On the supply side, Atlanta's home shortage is the worst in the nation. This, while great for anyone selling a house in a good school district, means it's even harder for cash-strapped millennials to afford a down payment.
The NAR study cited “ongoing hardships” faced by millennials that include underemployment, student debt and waiting to marry and have children.
Again, this national trend applies here. According to a Zillow study released in May 2016, not only do few Atlanta millennials own houses, but a high number live with their parents. 19.7 percent of working-age young people lived with mom and dad, the 15th-highest amount of the cities Zillow surveyed.
If you want to buy a house in a city that's so-so for first-time homebuyers, here's how the neighborhood prices have changed:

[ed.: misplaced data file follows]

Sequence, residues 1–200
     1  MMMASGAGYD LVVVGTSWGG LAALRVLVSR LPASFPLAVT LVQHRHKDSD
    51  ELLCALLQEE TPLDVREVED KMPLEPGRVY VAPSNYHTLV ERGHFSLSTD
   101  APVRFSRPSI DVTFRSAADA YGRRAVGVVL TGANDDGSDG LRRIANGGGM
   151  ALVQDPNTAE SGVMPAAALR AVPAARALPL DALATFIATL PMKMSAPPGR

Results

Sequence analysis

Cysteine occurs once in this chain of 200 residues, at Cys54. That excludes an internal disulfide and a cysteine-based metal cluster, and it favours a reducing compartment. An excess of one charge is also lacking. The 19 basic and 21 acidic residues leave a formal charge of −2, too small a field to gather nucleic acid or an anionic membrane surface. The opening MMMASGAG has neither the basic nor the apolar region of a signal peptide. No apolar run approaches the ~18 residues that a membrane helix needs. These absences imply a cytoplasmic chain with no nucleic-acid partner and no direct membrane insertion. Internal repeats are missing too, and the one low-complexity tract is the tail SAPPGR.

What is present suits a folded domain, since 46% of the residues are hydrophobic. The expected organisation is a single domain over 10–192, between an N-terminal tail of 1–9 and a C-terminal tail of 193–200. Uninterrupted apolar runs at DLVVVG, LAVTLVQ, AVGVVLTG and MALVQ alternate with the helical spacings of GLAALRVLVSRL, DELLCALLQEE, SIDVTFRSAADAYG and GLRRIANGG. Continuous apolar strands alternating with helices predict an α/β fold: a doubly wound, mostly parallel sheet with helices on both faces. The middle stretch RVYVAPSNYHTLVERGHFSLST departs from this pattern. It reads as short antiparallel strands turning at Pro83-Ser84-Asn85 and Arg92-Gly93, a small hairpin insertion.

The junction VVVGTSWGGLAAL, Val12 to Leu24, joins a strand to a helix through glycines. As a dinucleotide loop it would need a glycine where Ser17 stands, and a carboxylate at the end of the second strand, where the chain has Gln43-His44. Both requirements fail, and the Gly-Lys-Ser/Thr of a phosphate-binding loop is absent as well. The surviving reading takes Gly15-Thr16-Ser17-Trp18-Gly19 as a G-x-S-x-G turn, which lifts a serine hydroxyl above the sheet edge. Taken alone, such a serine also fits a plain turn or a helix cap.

* Cobb: 16.94 percent less inventory, 1.91 percent higher prices
* Gwinnett: 21.84 percent less inventory, 6.59 percent higher prices
* Cherokee: 18.41 percent less inventory, 7.33 percent higher prices
* DeKalb: 11.41 percent less inventory, 8.81 percent higher prices
* Paulding: 25.49 percent less inventory, 15.71 percent higher prices
* Fulton: 4.55 percent less inventory, 8.16 percent higher prices
* Forsyth: 2.46 percent more inventory, 3.8 percent higher prices